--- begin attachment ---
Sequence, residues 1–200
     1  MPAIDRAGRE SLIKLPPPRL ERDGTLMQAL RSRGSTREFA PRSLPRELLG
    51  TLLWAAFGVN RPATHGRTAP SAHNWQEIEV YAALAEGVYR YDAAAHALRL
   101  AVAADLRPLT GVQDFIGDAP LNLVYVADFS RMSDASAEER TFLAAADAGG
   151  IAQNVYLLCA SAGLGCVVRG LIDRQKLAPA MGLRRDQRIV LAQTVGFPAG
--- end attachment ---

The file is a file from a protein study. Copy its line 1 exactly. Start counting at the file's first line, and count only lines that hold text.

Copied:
Sequence, residues 1–200